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Mary Hartman, Mary Hartman Discussion thread


alphanguy74

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The freshness of the show wore off after a while, then the whole Louise being arrested thing happened and she was off he show shortly after. I watched until Louise left, never watched Fernwood. I never thought the show too sexualised, although I may be looking back on it with a modern sensibility, I never remember being shocked or disgusted by anything. I was 19 when the show aired, so it may have something to do with it. I did get a little bored by the show as many things stayed the same, I would say the first six to eight months were the best, the rest was good but not as good. I don't remember anything specifically but just remember not watching it every night as I did when it first started.

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The freshness of the show wore off after a while, then the whole Louise being arrested thing happened and she was off he show shortly after.

It was not so much that the freshness wore off, but that Norman Lear made a gravely strategic error in forcing out headwriter Ann Marcus. Although Gail Parent developed the concept, it was Ann Marcus who layered the characterizations and created something so much deeper than just a zany parody of soaps. After Marcus left, the series really lost its focus as subsequent writers Tom Eyen and Dennis Klein wrote MH2 as a one-note joke. They did not understand the series, or if they did, they chose to ignore what made it successful.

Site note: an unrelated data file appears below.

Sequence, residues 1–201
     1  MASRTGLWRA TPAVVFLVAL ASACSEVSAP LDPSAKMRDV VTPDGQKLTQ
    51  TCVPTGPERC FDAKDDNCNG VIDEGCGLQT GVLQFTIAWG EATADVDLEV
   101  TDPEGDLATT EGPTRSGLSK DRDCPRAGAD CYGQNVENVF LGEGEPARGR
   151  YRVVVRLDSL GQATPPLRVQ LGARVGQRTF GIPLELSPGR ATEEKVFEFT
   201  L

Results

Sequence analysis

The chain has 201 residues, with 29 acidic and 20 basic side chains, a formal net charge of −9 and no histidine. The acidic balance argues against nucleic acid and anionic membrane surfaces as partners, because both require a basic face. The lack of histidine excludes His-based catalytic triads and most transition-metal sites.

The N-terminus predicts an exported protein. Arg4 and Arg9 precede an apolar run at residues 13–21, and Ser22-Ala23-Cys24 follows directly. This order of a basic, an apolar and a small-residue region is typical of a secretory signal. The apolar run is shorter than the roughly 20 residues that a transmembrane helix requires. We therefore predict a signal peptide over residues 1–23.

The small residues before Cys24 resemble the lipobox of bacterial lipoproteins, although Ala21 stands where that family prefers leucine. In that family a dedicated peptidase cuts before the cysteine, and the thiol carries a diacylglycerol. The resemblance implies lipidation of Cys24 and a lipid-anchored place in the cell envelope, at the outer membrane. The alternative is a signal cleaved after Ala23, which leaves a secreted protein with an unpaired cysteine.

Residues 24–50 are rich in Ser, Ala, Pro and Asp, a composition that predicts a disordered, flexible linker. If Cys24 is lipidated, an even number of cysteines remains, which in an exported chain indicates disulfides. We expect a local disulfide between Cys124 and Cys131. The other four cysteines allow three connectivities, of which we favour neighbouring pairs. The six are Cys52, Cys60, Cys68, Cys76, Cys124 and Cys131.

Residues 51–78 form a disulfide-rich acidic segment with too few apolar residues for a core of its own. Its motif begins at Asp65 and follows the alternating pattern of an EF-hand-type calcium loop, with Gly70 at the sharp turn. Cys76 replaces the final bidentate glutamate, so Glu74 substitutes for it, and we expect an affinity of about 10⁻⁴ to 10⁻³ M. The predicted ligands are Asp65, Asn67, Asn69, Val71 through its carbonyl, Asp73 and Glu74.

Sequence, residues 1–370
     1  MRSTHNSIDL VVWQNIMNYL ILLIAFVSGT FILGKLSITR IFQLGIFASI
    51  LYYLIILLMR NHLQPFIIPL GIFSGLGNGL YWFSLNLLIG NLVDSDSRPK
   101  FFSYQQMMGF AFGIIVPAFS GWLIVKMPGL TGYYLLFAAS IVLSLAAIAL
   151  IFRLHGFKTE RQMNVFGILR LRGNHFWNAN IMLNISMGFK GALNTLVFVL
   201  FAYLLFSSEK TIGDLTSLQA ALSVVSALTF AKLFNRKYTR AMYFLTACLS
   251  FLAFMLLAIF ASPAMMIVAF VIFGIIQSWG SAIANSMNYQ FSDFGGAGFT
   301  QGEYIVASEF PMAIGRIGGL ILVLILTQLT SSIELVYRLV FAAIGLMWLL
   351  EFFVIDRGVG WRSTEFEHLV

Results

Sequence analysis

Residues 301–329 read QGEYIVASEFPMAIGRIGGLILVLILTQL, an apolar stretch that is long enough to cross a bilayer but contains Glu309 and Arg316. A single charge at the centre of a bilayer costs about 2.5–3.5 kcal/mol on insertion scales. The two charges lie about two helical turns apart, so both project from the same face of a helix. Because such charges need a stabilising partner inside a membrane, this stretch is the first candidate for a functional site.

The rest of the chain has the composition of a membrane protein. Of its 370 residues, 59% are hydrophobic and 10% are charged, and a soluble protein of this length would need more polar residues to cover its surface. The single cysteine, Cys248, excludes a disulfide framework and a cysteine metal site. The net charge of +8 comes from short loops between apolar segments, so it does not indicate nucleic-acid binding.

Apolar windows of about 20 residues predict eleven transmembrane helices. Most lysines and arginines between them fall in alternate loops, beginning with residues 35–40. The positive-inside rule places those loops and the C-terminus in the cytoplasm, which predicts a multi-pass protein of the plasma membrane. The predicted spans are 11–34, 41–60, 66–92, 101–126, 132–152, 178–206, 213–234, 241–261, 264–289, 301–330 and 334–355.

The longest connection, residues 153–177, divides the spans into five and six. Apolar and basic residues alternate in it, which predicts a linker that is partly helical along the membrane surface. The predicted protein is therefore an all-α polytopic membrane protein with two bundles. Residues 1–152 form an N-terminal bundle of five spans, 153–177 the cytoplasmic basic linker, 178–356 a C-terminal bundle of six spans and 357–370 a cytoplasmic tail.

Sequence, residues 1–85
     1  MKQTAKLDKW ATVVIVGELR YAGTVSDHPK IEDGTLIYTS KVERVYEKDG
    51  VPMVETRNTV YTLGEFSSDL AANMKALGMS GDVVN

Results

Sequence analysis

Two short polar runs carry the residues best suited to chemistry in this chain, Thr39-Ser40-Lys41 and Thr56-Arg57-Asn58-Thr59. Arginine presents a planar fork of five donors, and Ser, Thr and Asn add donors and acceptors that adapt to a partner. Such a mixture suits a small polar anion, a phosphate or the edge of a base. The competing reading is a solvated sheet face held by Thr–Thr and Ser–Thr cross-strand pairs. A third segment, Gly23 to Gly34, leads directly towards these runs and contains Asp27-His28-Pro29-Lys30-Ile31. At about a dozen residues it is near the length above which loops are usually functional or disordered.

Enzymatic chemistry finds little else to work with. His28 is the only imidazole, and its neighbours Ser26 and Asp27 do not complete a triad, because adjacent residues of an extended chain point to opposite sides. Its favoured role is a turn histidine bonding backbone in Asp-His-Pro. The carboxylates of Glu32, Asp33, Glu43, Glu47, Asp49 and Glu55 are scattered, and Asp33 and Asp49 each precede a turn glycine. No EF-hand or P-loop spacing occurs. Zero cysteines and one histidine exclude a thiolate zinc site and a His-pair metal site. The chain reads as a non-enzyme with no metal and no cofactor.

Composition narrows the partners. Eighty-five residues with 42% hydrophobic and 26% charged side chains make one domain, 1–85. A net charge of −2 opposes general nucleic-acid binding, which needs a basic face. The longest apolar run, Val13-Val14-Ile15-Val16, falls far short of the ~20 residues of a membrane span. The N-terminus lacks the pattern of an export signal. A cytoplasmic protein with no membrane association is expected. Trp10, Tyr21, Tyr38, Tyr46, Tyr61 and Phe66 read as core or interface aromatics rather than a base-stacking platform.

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Did you ever watch Fernwood 2-Nite? Were they the people who did the later run of MHMH?

No, I did not. I saw it, of course, but was not a viewer. To my knowledge, Alan Thicke was the head writer of Fernwood 2-Nite. He had nothing to do with the writing of MH2. I do not know what happened to Dennis Klein. Tom Eyen was the initial replacement for Ann Marcus. Eyen was the writer for whom Lear had a hard on. Later on, he achieved a great deal of success with Dreamgirls, but I feel his approach to Mary Hartman was wrong. He was more the Ron Carlivati of his day. Just my opinion. Sorry.

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Fernwood 2-Nite was actually a summer replacement series. MH2 was produced in thirteen week cycles. After the first two cycles of 130 episodes in 1976, there was a break. The 130 episodes were re-edited, and during the summer of 1976, reruns of Mary Hartman were shown until the next cycle began in October. Mary Hartman ended in July 1977, and Fernwood 2-Nite was produced as a filler until Forever Fernwood would be ready for syndication in October 1977. After Forever Fernwood was cancelled at the end of its first two cycles, in March 1978, Fernwood 2-Nite was brought back again to fill the remainder of the slot until July, though it had been renamed America 2-Nite and no longer originated from Fernwood (apparently due to the end of the Mary Hartman franchise).

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